Is There Bone Loss with Delayed Implant Placement?

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Conventional tooth rehabilitation treatments such as fixed partial dentures, removable partial dentures, and composite retained inlay partial dentures are associated with a number of problems related to stability and retention of prosthesis, esthetics, eating difficulties, and even psychological problems. Besides the risk of complications, these treatments also involve the damage of healthy adjacent teeth, plus they don’t stimulate the underlying jawbone to prevent bone loss.

Because of these challenges, patients often suffer reduced self-confidence and develop psychological problems. Fortunately, implants have addressed most of these challenges, while allowing for immediate restoration after tooth extraction so patients can continue with their normal life without having to suffer the psychological trauma of being toothless. Immediate implants also offer the benefit of reduced treatment time.

While implants help to prevent bone loss by facilitating bone regeneration, some patients are concerned that delayed placement – implant placement after the soft tissue has healed completely – may result in bone loss compared to if the implant were to be placed right after tooth extraction.

Immediate implant placement

Immediate implants are placed between 0 and 7 days following tooth extraction. Various studies show that implants placed in fresh extraction sockets using standard implant placement techniques have a success rate of between 93.9 and 100 percent. Additionally, studies show that patients go through successful osseointegration and complete bone healing after immediate implant placement after extraction and without incision.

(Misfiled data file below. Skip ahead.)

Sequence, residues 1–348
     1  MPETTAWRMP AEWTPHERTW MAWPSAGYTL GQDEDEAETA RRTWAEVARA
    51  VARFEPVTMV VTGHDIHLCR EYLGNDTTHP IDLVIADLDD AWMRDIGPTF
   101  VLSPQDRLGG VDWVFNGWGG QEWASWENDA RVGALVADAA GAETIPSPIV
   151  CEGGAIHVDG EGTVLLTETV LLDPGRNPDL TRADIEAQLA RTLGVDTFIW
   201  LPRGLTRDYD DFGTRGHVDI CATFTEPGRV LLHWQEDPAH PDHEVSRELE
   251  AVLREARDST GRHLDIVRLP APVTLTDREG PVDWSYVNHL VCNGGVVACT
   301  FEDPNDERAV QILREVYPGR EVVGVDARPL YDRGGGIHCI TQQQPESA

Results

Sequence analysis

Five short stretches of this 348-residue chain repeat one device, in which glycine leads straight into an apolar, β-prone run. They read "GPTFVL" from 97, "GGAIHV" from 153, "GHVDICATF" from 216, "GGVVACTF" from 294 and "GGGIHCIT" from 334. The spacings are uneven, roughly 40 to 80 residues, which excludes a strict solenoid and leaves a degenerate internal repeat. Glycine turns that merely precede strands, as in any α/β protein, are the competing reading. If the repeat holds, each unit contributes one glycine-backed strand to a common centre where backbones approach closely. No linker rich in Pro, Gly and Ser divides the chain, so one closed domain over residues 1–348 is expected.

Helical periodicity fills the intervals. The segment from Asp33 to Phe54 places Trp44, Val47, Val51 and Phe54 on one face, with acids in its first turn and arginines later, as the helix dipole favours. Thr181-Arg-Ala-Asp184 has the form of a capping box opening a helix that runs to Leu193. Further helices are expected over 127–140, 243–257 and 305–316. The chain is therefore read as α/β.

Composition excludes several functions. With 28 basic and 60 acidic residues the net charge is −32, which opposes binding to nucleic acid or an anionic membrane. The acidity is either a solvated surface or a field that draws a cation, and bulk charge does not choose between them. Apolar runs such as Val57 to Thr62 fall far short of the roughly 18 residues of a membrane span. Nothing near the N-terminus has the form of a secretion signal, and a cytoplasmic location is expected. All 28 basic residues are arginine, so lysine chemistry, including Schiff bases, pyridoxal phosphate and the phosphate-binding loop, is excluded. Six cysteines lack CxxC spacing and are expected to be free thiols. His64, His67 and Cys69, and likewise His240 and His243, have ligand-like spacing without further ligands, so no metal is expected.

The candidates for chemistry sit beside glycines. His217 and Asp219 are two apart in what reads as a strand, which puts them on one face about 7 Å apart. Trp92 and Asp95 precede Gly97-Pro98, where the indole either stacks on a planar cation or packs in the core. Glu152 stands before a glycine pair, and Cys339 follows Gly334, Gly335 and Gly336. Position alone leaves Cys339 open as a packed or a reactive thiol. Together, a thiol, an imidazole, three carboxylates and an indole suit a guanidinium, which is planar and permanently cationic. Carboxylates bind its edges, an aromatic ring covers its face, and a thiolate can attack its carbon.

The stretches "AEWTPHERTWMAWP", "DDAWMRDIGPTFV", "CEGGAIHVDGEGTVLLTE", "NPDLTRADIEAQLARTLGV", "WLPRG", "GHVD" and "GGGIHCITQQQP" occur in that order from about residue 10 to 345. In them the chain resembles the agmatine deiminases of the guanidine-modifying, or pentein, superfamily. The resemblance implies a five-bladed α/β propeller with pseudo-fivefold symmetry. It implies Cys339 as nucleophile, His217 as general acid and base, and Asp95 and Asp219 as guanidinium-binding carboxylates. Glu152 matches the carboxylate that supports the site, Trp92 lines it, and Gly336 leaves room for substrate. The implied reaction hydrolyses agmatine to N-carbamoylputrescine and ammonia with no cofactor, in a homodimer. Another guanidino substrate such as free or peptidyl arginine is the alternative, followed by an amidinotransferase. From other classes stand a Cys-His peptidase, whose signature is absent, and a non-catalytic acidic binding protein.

Comparison with delayed implant placement

Implant placement is considered delayed if it occurs between 6 weeks and 6 months following extraction. In one study comparing the effects of immediate placement to those of 2-4 weeks delayed placement, it was revealed that there was marginal bone loss for the latter group at different time intervals even after implant placement (0.5mm at the 4th week and 1.28mm at the 12th week). However, patients who had immediate implant placement did not experience any bony loss at any interval.

Final note

Although studies show marginal bone loss in delayed implants, they also show continuous bone resorption over time for both immediate and delay implants. Additionally, there is no difference in bone loss between a fresh socket placed implant and a delay placed implant in the same conditions. So, delayed implant placement does not necessarily cause the patient to suffer additional bone loss beyond that experienced at the time of tooth extraction.

Please contact our Calgary-based Canadian Denture and Implant Centres for further assistance from our denture specialists, and to learn more about available options for replacing your teeth.